The kinks and other information given in this book have been
from the experience of thoroughly practical men, as originally
published in the American Machinist.
This volume forms one of a series of this nature, aiming always
to make available out-of-the-way information when most wanted.
In this form the Kink Books, which can be kept in the tool-chest
or the pocket, and always referred to, will, we feel, meet a
demand and serve a good purpose.
F. H. Colvin and F. A. Stanley
New York, November, 1907.
has not often seen a machinist pick up a bar of metal covered
with rust and dirt and wonder whether it was tool steel or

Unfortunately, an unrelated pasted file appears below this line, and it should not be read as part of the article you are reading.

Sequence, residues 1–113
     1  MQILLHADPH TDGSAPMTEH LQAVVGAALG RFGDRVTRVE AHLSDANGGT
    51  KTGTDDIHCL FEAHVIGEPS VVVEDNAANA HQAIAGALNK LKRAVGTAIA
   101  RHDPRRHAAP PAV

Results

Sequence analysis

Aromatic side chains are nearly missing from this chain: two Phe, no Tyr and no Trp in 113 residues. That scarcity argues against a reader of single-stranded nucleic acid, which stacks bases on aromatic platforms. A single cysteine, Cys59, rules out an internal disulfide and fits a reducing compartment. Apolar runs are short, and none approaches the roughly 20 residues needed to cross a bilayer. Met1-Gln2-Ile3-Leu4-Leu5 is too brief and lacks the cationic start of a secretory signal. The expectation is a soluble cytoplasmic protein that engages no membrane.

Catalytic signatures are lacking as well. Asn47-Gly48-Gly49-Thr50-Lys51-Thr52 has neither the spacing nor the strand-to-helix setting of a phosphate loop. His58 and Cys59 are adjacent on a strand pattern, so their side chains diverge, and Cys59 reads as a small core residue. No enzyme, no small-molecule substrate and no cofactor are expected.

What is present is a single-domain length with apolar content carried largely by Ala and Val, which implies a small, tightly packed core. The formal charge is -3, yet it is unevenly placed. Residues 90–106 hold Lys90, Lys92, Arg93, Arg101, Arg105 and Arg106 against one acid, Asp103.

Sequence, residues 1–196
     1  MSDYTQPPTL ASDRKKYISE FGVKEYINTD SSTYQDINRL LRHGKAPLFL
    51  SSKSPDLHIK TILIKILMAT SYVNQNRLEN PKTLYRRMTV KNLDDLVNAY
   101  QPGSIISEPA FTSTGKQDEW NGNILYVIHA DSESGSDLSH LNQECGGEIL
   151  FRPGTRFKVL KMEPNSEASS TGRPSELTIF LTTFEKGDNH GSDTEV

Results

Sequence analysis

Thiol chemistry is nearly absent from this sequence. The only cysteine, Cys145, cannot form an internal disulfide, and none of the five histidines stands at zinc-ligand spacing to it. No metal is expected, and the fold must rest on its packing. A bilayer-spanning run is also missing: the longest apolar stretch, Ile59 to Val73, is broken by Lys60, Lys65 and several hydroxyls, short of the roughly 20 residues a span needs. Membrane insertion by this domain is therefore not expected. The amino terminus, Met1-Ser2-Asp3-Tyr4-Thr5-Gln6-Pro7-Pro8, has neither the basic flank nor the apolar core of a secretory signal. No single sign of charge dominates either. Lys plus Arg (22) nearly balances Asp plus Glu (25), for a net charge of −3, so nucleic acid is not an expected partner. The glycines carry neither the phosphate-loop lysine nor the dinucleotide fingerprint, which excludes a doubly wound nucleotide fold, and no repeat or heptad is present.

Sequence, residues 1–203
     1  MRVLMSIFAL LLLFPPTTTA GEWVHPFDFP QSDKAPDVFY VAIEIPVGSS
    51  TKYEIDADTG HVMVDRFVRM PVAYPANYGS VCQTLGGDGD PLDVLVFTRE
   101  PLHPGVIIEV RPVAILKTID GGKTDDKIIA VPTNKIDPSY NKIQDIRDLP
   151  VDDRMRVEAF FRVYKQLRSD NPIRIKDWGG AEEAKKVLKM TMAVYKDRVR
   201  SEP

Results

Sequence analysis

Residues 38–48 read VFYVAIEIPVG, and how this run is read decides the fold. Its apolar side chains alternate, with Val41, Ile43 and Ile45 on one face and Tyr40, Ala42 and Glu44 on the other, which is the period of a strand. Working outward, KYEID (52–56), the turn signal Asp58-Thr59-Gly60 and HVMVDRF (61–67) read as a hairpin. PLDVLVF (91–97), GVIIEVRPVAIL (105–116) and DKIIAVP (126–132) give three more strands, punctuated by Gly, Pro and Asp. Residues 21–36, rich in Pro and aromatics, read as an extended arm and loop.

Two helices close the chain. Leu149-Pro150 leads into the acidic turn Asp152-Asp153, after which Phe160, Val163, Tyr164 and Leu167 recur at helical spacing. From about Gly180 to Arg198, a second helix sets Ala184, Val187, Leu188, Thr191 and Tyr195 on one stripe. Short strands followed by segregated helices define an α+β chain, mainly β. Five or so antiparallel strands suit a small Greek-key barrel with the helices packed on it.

machine steel. Now, there are a number of means of finding this
out, but the emery wheel test, while not a particularly refined
method (it will not tell you everything about a steel) is as
quick and handy as any.
To test a piece, touch it lightly against a dry
emery wheel and observe the sparks as they strike the frame of
the machine. A high-carbon steel gives a spark which apparently
bursts into a brilliant star-like point of light when it strikes
The spark from a low-carbon steel is, on the
contrary, merely a dull, incandescent particle. It is said that
all the air-hardening steels give a very red spark.
By the way, some air-hardening steels can be
greatly improved by heating to a bright red and quenching in
oil. In grinding after this care should be taken not to start